Uniqueness of a Convergent Sequence's Limit

# Uniqueness of a Convergent Sequence's Limit

Suppose that $\{ a_n \}$ is a convergent sequence, that is as $n \to \infty$, $a_n \to L$. We will now prove that this limit $L$ is unique, but before that, we will first look at the following lemma necessary to prove this.

 Lemma: If $x$ is a number such that $\forall \epsilon > 0$, $\mid x \mid < \epsilon$, then $x = 0$.
• Proof of Lemma: We note that $0 ≤ \mid x \mid$ and $x < \epsilon$. Therefore $0 ≤ \mid x \mid < \epsilon$. But for ANY $\epsilon > 0$, $\mid x \mid < \epsilon$. The only value of $x$ for which this is always true is $x = 0$, that is $0 ≤ \mid 0 \mid < \epsilon$. $\blacksquare$

We will now look at proving that a convergent sequence's limit is unique.

 Theorem: If $\{ a_n \}$ is a sequence that converges at both $L$ and $M$, that is $\lim_{n \to \infty} a_n = L$ and $\lim_{n \to \infty} a_n = M$, then $L = M$ or rather, the limit of this sequence is unique.
• Proof of Theorem: Assume that as $n \to \infty$ then $a_n \to L$ AND $a_n \to M$.
• Let $\epsilon > 0$ be given and choose $N_1 \in \mathbb{N}$ such that if $n ≥ N_1$ then $\mid a_n - L \mid < \frac{\epsilon}{2}$. Furthermore, choose $N_2 \in \mathbb{N}$ such that if $n ≥ N_2$ then $\mid a_n - M \mid < \frac{\epsilon}{2}$.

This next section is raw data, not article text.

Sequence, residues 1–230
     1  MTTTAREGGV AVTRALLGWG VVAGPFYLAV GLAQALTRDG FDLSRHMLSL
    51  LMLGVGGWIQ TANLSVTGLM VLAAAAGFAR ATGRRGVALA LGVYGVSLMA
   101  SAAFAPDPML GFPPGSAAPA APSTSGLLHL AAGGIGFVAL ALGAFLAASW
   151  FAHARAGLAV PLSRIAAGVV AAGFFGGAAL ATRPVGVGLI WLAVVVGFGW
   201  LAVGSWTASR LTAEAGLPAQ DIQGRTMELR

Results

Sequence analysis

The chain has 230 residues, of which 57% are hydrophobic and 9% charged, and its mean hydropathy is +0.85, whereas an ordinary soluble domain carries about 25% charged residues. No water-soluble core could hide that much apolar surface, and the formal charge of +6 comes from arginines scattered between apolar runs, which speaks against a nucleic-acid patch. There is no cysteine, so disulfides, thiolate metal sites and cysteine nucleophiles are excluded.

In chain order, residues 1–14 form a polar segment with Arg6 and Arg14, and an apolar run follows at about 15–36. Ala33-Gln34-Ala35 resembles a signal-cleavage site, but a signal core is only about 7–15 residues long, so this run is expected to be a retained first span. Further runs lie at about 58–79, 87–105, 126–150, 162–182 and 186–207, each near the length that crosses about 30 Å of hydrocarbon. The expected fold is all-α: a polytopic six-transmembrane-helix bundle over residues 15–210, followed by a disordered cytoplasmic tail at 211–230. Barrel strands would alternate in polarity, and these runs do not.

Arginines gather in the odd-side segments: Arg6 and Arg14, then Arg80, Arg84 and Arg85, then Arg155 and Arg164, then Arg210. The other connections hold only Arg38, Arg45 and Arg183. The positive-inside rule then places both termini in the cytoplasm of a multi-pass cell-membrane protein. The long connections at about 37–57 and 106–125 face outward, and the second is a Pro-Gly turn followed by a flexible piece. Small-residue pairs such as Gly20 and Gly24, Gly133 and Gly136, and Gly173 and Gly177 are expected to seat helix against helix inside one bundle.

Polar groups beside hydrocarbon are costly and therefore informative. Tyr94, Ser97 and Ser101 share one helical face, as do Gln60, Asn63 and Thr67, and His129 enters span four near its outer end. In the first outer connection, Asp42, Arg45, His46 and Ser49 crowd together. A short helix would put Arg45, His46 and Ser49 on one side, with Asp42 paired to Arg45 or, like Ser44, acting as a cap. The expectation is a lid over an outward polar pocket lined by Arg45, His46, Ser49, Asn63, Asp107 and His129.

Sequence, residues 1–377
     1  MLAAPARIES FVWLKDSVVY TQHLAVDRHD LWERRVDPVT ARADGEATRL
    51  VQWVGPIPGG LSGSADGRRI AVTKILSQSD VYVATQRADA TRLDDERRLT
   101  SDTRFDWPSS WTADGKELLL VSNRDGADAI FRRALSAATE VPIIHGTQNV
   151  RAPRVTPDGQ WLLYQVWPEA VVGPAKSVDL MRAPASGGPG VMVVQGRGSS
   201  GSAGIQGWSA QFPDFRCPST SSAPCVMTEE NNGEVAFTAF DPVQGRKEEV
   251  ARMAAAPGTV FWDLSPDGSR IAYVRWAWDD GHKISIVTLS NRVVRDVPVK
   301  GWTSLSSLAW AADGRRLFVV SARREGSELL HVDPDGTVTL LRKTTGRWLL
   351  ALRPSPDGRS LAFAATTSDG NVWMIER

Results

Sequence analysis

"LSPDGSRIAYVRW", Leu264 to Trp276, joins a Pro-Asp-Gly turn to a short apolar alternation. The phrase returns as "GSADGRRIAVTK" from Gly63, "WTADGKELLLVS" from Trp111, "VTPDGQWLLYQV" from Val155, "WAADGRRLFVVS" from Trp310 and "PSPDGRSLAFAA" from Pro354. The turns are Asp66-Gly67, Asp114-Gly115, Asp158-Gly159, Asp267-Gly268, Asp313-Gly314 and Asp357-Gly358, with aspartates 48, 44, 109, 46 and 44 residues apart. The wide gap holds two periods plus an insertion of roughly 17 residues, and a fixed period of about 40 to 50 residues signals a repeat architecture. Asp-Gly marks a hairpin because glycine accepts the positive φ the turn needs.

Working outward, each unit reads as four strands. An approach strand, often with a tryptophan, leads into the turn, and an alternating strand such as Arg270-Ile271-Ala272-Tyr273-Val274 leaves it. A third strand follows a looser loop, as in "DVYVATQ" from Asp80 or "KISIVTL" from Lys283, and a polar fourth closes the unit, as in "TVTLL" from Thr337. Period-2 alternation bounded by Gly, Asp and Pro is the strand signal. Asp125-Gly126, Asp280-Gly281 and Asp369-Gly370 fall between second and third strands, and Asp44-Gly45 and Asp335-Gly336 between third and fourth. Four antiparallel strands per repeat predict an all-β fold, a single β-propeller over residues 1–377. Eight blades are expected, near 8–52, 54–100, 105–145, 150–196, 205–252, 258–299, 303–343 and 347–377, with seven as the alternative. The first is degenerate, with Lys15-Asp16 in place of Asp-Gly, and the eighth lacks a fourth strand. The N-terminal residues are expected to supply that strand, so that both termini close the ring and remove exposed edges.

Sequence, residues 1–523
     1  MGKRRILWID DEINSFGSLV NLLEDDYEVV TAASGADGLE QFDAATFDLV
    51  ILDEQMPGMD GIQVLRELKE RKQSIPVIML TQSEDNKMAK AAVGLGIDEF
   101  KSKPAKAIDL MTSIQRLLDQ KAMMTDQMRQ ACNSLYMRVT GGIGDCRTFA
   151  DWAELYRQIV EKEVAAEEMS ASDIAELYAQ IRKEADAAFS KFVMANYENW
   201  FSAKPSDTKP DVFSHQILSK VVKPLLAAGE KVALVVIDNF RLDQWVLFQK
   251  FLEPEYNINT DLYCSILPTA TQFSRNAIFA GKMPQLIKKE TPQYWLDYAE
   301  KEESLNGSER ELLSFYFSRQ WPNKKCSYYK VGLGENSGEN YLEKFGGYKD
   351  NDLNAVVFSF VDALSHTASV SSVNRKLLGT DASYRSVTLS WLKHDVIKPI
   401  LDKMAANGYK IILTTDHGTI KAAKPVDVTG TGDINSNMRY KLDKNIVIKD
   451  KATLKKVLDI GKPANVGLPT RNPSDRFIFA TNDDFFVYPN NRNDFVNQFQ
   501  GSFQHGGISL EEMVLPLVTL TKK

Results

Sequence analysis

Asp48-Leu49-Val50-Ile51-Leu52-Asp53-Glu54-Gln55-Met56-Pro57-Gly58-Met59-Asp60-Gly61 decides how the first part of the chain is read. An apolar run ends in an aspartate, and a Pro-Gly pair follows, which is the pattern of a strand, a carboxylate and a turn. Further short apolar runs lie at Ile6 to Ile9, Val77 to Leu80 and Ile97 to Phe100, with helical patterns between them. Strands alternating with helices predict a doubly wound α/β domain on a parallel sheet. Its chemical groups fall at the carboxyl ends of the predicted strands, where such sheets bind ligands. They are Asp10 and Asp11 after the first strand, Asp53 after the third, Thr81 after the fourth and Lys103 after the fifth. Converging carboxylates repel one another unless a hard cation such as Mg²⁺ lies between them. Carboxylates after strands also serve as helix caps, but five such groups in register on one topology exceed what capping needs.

• Now choose $N = \mathrm{max} ( N_1, N_2 )$. Note that if we choose the maximum of $N_1$ and $N_2$, then it will be true that regardless $\mid a_n - L \mid < \frac{\epsilon}{2}$ and $\mid a_n - M \mid < \frac{\epsilon}{2}$. Now consider the following inequality:
(1)
\begin{align} \quad \mid L - M \mid = \mid L - a_n + a_n - M \mid = \mid (L - a_n) + (a_n - M) \mid \end{align}
• By the triangle inequality ($\mid A + B \ \mid ≤ \mid A \mid + \mid B \mid$), we get that:
(2)
\begin{align} \quad \mid L - M \mid = \mid (L - a_n) + (a_n - M) \mid ≤ \mid L - a_n \mid + \mid a_n - M \mid < \frac{\epsilon}{2} + \frac{\epsilon}{2} = \epsilon \end{align}
• Therefore $\mid L - M \mid < \epsilon$. Now we note that by Lemma 1, that $L - M$ is a NUMBER, and $\forall \epsilon > 0$, $\mid L - M \mid < \epsilon$. This implies that $L - M = 0$ or rather $L = M$.
• So if as $n \to \infty$, $a_n \to L$ and $a_n \to M$, then $L = M$. We have showed that the limit of a convergent sequence is unique. $\blacksquare$